четверг, 19 марта 2015 г.

Австралия (трудовые отношения). Если работник попадает под специальное внутренние расследование по трудовым вопросам его необходимо уведомить о не распространении соответствующей конфиденциальной информации. Это же касается другого работника, которого указанный работник выберет для своей поддержки в расследовании.

Workplace Bulletin
Home | About UsTwitter LinkedIn

What happens when a support person 

breaches confidentiality?

Wednesday, 18th March, 2015, by Loran McDougall
In today's Workplace Bulletin:
  • Case Law: FWC responds to a support person breaching confidentiality
Dear Reader,
If you are conducting a workplace investigation into alleged employee misconduct, neither the investigator nor the participants should speak about the investigation to other employees, including any witnesses involved. The same goes for any performance management process you undertake with an employee.
But what happens to this confidentiality requirement when a participant chooses another employee as their support person? As you probably know, under the unfair dismissal provisions in the Fair Work Act 2009 (Cth), an employee has the right to a support person, who will accompany them to any meetings to offer physical and emotional support. In an ideal world, a support person will not be another employee (they may instead be, for example, a friend or a union official), but it is sometimes unavoidable.
In today’s bulletin, Charles Power looks at a case which provides some guidance on what you can do if an employee selects a colleague as their support person.
Until next time,
Jessica Oldfield
Loran McDougall
Workplace Bulletin
Click here to find out how to make sure you’re fully equipped to
conduct an effective workplace investigation - without creating
any legal risks for your business.

Case Law: FWC responds to a support 

person breaching confidentiality

by Charles Power
Editor-in-Chief, Employment Law Practical Handbook
If an employee selects a colleague to be their support person in a workplace investigation or a performance management process and you refuse to allow this, you will be putting yourself at risk of an unfair dismissal claim. This is because refusing to allow a participant to have a support person is one factor that the Fair Work Commission (FWC) will look at when determining whether a dismissal was harsh, unjust or unreasonable.
So what can you do if you are concerned about confidentiality being compromised? In Construction, Forestry, Mining and Energy Union (CFMEU) v MSS Strategic Medical and Rescue (MSS) (2014), the FWC shed some light on this.
In the case, an employee invited a colleague to be his support person in a performance management meeting. When the colleague agreed, the employee forwarded him the formal letter of complaint from his supervisor.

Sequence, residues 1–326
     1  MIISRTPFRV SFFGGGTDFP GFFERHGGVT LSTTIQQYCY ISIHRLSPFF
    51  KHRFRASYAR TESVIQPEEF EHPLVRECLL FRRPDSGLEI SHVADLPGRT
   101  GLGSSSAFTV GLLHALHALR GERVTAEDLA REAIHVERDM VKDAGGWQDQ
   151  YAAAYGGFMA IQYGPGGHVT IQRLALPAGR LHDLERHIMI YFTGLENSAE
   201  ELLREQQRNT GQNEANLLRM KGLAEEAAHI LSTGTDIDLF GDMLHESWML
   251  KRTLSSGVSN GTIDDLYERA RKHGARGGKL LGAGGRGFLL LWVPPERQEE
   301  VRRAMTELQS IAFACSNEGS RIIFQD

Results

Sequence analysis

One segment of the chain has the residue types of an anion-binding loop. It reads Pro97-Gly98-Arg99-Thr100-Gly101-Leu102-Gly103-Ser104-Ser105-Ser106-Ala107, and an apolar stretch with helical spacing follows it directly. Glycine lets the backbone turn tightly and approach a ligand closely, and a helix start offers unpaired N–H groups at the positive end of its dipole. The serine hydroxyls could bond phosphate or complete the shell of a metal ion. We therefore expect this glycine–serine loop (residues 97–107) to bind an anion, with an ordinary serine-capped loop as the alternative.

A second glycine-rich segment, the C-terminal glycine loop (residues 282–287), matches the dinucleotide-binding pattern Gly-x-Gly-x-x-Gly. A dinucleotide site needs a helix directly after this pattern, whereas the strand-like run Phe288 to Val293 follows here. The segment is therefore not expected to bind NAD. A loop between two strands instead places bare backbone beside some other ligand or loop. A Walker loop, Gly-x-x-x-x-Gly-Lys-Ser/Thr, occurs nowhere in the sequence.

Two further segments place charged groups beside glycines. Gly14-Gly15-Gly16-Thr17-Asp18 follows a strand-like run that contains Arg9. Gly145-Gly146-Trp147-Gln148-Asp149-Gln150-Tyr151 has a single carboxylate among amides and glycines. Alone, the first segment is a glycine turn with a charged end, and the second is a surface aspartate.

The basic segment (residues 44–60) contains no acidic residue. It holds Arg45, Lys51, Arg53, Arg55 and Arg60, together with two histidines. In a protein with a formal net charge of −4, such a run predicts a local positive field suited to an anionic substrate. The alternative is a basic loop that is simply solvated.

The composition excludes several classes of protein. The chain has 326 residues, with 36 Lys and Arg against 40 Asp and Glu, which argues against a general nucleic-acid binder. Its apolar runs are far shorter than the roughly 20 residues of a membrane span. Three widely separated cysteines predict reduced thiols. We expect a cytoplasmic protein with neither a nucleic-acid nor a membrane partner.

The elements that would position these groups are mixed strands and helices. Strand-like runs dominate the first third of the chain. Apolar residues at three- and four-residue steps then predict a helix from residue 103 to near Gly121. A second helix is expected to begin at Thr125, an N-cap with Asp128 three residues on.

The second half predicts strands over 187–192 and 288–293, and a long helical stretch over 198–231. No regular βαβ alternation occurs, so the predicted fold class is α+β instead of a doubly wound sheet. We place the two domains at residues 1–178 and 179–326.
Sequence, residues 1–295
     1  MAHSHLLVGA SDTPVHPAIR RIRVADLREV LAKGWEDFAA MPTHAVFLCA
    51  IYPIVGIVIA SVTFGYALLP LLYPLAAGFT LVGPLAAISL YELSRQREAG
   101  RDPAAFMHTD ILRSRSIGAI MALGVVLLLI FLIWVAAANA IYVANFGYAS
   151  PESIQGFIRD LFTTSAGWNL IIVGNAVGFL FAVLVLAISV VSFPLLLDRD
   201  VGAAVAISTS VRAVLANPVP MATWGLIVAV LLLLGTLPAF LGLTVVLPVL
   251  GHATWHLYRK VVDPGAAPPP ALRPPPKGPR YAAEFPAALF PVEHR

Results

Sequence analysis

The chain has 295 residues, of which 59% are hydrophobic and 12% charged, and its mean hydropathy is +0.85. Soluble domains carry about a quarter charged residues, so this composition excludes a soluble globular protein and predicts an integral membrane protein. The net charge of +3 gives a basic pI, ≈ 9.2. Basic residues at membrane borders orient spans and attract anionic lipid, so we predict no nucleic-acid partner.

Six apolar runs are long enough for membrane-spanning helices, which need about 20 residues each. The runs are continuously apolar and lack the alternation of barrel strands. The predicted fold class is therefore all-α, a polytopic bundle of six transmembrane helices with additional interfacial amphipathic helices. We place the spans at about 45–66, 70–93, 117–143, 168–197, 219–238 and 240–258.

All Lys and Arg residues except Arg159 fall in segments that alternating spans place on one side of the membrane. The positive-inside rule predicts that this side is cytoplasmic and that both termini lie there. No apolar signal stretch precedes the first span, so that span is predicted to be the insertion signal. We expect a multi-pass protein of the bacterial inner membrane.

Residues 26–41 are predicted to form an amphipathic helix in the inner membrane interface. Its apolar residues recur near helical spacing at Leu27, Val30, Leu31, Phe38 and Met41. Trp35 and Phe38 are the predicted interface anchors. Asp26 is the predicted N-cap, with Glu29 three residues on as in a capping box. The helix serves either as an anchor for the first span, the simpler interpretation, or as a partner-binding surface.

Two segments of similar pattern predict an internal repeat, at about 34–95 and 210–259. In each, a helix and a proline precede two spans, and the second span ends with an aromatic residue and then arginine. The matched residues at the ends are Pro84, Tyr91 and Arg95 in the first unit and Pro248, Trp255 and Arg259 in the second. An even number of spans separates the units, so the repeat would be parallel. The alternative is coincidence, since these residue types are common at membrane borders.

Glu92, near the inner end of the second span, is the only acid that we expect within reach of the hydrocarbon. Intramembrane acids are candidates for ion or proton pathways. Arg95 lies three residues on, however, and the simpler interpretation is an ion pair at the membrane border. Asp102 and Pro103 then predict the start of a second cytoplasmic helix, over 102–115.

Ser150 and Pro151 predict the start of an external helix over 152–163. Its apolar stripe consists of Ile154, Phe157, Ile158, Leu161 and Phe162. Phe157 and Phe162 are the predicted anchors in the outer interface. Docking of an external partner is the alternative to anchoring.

The colleague then sent a formal response to the employee’s manager regarding the meeting. He also sent a copy of the letter and his response to other members of his work group and their union.
Management responded by informing the colleague that he had breached confidentiality by distributing the letter, and instigated an investigation. In his defence, the colleague claimed that “the notion of confidentiality never entered [his] mind” and that he was not aware that “forwarding the email could possibly lead to any disciplinary action”.
Nevertheless, the investigation concluded with management issuing the colleague with a final written warning. The union took it to the FWC, claiming that the final written warning was “harsh and disproportionate in all the circumstances”.
While the FWC noted that anyone involved in an employee disciplinary process is expected to maintain confidentiality, it also said that, in this case, the management should have specifically told the colleague that he was required to maintain confidentiality. Ultimately, the FWC found that while a final written warning was harsh, a written warning would have been appropriate.
What can you learn from this case?
Never assume that the requirement to maintain confidentiality goes without saying.
Remind all employees, including support people, who are involved in performance management meetings or workplace investigations to maintain confidentiality. Make sure that they are aware that breaching confidentiality may result in disciplinary action.
Charles Power
Charles Power

Employment Law Practical Handbook

Like the Workplace Bulletin? Check out our other free bulletins:
Health & Safety BulletinHealth & Safety BulletinAll the latest tips, tools and strategies you need to help you stay on top of health and safety laws. Click here to sign up now.

Self-Managed Super FundSelf–Managed Super Fund Bulletin
Receive all the information, ideas and tips you need to manage your own super fund. Click here to sign up now.

Please whitelist the Workplace Bulletin to make sure you get every edition delivered to your inbox.
The information in this email is intended solely for the addressee. Access to this email by anyone else is unauthorised. If you are not the intended recipient, please return the message to the sender and delete it from your records. All content is © 2007-2015 Portner Press Pty Ltd All Rights Reserved.
Disclaimer: We research our recommendations and articles thoroughly, but disclaim all liability for any inaccuracies or omissions found in our publications. Click here to view our Privacy Policy and Terms and Conditions.
Queries: For general enquiries, email cs@portnerpress.com.au or call 1300 782 911.
Workplace Helpdesk: Paid subscribers to the Employment Law Handbook can ask our experts for advice.
Syndication: To republish a Workplace Bulletin article, please email cs@portnerpress.com.au for information.
Workplace Bulletin ISSN 1836-117X
Portner Press Pty Ltd
96-98 Bridport Street
Albert Park VIC 3206